In the ‘90s, I thrived on thrillers such as Hush, A Perfect Murder, and Kiss the Girls. If Gwyneth Paltrow or Ashley Judd were on the poster, you had a pretty good idea of what you were getting into. Watching these movies now with a more critical eye, it’s difficult to ignore their clichés and contrivances. But there’s no denying they still give me a rush of guilty pleasure – which is just what Neil Jordan’s new psychological thriller Greta does.
It’s not lacking in the department of clichés and contrivances, leaving a plot that feels very familiar. But in the hands of Jordan, the suspense builds to a fever pitch, doing everything a Hollywood thriller is so good at doing (and here allow me to indulge in writerly clichés the way the movie does with its plot): hold your breath, sit at the edge of your seat, and feel chills racing up and down your spine.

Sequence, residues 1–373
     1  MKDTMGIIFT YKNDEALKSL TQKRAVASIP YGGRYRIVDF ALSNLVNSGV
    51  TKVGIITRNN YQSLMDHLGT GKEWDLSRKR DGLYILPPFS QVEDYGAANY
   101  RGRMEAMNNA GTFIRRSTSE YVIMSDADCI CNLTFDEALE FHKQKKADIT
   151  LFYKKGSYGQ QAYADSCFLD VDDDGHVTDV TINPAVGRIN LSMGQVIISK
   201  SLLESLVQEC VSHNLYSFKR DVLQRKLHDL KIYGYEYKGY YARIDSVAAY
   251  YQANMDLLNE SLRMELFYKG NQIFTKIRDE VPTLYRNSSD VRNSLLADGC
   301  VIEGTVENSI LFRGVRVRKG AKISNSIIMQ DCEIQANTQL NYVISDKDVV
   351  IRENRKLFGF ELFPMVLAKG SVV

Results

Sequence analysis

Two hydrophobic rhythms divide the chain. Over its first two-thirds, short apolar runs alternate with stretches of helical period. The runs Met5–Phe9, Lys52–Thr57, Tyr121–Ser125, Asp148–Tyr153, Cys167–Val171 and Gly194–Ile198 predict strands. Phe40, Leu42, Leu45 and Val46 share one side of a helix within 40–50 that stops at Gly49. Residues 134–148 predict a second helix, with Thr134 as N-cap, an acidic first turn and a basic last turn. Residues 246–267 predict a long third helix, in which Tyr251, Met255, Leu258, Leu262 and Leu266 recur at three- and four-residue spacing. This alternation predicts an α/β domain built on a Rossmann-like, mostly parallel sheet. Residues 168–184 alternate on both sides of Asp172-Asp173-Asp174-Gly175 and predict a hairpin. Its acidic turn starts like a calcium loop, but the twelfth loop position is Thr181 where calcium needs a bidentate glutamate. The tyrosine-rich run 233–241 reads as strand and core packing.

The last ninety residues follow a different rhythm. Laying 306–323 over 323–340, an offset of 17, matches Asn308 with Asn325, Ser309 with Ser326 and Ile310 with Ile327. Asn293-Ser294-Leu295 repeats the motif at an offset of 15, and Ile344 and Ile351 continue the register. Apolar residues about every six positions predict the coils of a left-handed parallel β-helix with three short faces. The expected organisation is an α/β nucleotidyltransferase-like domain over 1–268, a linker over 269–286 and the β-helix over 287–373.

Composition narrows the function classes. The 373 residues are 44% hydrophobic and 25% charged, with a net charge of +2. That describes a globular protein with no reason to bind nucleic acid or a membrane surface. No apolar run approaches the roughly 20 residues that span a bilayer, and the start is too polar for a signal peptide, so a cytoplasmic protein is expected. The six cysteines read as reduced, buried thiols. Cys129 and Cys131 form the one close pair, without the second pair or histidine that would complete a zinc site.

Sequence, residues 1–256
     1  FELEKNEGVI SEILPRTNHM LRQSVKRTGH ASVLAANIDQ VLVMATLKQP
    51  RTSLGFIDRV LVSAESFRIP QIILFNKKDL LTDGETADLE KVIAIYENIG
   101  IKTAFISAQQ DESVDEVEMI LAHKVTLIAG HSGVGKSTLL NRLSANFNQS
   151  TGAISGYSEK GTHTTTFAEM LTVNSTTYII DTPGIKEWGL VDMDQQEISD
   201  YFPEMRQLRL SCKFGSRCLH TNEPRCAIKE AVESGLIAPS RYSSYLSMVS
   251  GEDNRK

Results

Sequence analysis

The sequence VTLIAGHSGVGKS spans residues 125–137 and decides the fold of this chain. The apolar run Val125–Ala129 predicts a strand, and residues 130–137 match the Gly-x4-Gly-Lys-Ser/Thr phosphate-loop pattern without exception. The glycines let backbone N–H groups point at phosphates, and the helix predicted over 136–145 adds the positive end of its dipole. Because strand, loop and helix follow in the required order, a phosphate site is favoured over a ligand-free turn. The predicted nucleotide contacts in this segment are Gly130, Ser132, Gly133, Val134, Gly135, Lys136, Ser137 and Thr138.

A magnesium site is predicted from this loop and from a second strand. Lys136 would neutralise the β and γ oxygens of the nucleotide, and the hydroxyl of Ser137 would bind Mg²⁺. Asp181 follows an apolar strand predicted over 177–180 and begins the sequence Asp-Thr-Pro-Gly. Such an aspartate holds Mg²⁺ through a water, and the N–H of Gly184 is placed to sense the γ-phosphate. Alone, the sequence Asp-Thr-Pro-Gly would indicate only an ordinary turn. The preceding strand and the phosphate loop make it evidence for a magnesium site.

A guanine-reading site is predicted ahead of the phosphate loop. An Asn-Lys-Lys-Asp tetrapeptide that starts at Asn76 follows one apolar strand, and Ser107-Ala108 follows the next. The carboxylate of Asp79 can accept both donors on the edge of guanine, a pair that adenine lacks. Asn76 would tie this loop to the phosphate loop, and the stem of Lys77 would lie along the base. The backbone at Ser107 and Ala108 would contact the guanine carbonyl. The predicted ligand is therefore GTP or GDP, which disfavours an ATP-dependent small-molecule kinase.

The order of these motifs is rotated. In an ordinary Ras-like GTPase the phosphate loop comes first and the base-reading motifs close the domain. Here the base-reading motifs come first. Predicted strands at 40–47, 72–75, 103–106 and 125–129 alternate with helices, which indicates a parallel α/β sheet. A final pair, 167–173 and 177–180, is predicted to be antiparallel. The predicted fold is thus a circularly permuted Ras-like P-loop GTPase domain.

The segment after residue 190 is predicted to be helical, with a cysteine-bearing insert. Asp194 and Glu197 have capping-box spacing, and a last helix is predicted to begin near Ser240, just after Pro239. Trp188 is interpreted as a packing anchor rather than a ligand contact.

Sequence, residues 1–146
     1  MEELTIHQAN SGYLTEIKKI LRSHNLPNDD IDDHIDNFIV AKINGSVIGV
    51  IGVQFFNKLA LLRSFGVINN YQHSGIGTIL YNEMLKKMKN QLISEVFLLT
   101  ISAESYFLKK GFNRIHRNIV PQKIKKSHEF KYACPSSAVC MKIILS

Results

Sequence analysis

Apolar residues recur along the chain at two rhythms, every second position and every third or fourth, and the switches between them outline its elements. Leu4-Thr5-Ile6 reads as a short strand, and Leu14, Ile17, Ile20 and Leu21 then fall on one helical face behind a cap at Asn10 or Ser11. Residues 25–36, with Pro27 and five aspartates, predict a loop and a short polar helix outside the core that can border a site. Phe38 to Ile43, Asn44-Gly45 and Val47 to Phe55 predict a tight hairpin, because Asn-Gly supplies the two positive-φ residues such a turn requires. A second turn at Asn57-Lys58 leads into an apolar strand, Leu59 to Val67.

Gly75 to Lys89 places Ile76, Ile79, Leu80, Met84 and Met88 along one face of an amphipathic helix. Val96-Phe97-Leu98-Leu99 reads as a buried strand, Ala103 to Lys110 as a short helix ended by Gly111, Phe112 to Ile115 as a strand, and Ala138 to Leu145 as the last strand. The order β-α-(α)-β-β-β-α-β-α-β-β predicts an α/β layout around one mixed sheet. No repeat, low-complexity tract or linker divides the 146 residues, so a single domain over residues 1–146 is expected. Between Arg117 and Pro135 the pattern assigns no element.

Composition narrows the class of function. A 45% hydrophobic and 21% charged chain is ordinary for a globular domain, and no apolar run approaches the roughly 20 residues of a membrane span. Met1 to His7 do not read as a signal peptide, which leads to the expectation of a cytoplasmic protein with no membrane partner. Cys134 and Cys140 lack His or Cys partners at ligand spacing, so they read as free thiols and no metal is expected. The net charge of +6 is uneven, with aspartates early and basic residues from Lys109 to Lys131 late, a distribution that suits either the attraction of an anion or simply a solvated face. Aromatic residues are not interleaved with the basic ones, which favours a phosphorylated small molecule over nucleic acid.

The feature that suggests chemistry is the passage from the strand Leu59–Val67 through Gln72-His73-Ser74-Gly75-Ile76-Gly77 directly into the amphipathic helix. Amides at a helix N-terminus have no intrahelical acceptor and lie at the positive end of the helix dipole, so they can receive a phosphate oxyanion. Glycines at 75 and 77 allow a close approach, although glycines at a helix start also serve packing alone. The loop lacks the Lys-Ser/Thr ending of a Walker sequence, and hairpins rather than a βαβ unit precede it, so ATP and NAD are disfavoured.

What truly ratchets up the level of creep is Isabelle Huppert’s performance. As the lonely widow Greta she exudes dread with unblinking stares, manic laughter, and bubblegum. Chloë Grace Moretz, as the young Frances who strikes up an unlikely friendship with Greta, is a solid co-star, all doe eyes and naivete, but not averse to leaping into action when compelled.
Going into the movie, I was aware that the title character was duplicitous. Initially, I was disappointed at what I thought a mild spoiler, but the rapid revelation of the title character’s true nature allayed my disappointment somewhat. Nevertheless, the film’s set-up still feels rushed and a bit forced, with not enough time for Greta’s relationship with the young Frances to develop before it plunges into its chilling cat-and-mouse routine.
Towards the end of the movie, the plot tries to throw you off the scent of its ending, but it still plays out very predictably. However, cast aside your concerns to dissect later and just revel in the movie’s knife-edge suspense and excellent leads.
Greta is in cinemas now.
Image courtesy of Starburst Promotions.